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Fergie plays it cool

Alex Ferguson has admitted there is no chance of Sunday's Carling Cup final matching the semi for raw emotion.

Manchester United famously confirmed a Wembley date with Aston Villa by edging a two-legged thriller with Manchester City.

The atmosphere surrounding the two derby clashes will live long in the memory, as will the stoppage-time header by Wayne Rooney that sealed United's passage to their third final in five years.

And Ferguson admits that while this weekend's showpiece will be a special occasion, it will not be the same.


"I don't think the final can reach the same level of emotion as the semi," acknowledged Ferguson.

"It is a different type of game.

"Wembley is an occasion. It has always been that way.

"But the only way you can enjoy Wembley is by winning.

"We have got an opportunity to win something on Sunday. It is not a nice day when you lose."

There may be no 'noisy neighbours' for United to overcome on Sunday but the team carefully pieced together by Martin O'Neill was good enough to take four points off them this term, including that long-awaited Old Trafford victory.

A grudge, if there is one, comes from the 1994 final meeting between the sides when a Villa team managed by Ron Atkinson recorded a 3-1 win that ultimately cost Ferguson a domestic treble.

"I hope we are involved in a treble this time too," said Ferguson.


Although United will start as favourites, their build-up has not exactly been trouble free, with both Rio Ferdinand and Anderson ruled out through injury.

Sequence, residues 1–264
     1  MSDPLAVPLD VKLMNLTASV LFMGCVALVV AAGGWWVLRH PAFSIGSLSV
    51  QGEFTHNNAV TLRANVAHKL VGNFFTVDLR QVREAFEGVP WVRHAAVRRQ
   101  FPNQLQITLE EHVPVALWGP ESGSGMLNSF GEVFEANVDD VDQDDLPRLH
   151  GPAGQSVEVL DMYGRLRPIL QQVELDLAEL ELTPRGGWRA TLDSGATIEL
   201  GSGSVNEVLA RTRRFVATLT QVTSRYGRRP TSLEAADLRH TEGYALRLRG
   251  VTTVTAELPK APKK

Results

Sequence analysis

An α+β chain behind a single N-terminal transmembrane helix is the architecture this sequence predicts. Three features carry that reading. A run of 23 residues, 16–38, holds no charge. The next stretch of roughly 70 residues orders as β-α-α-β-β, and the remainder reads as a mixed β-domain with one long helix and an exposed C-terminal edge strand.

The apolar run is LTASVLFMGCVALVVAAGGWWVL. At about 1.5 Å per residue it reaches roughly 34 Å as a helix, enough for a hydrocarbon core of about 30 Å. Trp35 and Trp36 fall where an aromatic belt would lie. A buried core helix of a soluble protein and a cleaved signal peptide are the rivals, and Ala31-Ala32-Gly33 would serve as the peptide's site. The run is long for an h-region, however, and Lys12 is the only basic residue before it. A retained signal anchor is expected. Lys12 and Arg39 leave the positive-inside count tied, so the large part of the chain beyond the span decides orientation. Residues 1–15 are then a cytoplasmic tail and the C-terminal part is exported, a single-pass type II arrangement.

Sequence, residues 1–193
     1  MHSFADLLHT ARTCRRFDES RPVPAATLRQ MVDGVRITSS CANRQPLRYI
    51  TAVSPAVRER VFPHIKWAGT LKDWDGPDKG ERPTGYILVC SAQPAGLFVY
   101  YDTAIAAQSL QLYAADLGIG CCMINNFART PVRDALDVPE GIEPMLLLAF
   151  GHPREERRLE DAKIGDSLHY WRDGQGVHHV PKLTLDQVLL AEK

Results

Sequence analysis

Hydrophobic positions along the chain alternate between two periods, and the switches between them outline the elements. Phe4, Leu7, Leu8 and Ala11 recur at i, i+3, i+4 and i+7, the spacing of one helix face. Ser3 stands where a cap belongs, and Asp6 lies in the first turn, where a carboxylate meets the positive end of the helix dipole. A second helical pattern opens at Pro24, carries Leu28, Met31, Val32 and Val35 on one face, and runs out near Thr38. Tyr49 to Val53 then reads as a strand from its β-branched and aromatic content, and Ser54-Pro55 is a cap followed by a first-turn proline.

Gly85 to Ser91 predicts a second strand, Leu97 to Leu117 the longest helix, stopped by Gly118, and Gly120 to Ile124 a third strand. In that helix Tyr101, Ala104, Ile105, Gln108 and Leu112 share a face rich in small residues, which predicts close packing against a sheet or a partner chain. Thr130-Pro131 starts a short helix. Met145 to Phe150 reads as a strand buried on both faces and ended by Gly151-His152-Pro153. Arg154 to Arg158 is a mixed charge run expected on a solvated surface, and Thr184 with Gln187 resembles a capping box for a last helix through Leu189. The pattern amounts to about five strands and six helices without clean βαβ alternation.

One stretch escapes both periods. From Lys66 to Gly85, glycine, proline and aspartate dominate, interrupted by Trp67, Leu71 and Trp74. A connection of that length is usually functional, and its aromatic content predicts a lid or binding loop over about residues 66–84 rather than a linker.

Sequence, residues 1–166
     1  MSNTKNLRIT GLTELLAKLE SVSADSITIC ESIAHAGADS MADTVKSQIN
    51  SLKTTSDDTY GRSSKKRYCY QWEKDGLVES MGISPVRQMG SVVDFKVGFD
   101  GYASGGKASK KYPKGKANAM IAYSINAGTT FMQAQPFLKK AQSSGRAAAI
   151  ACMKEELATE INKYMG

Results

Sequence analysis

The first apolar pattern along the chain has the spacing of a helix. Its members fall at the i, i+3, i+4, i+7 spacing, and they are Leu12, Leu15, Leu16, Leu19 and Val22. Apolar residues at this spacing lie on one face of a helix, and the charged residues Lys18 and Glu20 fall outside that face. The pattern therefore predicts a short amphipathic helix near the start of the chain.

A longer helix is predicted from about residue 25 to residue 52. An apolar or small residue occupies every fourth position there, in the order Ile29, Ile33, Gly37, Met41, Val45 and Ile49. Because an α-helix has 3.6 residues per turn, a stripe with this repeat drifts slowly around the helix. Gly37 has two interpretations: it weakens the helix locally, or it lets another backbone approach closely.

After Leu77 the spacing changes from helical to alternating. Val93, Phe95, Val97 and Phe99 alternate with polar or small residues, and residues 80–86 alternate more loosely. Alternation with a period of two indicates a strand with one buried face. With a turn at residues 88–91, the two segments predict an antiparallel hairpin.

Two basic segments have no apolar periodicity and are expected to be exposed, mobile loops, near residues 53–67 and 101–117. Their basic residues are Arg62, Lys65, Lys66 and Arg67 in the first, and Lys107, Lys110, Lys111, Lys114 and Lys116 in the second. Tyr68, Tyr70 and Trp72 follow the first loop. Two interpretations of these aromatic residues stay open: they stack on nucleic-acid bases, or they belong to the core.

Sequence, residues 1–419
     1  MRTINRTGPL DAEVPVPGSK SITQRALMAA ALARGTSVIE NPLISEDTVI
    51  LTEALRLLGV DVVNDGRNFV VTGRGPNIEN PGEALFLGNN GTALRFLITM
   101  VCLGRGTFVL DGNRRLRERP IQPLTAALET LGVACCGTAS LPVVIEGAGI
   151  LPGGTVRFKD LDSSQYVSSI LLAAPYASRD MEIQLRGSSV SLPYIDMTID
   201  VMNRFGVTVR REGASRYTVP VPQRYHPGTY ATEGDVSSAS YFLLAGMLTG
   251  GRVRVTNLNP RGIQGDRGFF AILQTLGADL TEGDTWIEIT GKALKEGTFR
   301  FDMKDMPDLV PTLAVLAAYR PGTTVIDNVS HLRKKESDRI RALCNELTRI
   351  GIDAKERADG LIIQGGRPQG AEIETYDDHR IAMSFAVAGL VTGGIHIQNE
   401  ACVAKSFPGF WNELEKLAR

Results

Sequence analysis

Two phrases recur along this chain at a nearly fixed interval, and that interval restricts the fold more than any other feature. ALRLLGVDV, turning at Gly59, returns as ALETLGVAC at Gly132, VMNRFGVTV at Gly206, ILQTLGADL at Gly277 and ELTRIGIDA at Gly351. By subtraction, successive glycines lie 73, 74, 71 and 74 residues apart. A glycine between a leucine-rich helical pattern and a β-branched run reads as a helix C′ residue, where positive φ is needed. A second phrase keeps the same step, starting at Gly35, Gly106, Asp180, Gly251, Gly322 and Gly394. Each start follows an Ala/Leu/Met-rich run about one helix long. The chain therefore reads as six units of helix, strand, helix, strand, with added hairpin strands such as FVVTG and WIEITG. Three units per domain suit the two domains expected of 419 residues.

Ferguson confirmed Ferdinand would be missing on Tuesday, after the new England skipper suffered a twinge in his back that meant him missing the Premier League victory against his old club West Ham.

The United boss hopes to have Ferdinand back in a couple of weeks.

For Anderson, who hobbled out of United's Carrington training base on crutches yesterday lunchtime, the absence will be far longer after scans revealed he suffered a ruptured cruciate knee ligament as he stretched to make a pass during the first half of the Hammers clash.

"It is strange, when you see cruciate injuries it is usually something simple," said Ferguson.

"He stretched out for the ball and his knee just popped.

"We have assessed the situation and know he needs the operation.

"That will be done in two weeks' time in Portugal once the swelling has gone down.

"He will be out for six months and hopefully that should have him about right for the new season."

Rafael, Republic of Ireland international Darron Gibson and Jonny Evans are among the younger members of Ferguson's squad likely to be included this weekend, although it would be a surprise if last season's penalty shoot-out hero, Ben Foster, was handed the chance to repeat his heroics as United look to reach another notable milestone by retaining a cup competition for the first time in their illustrious history.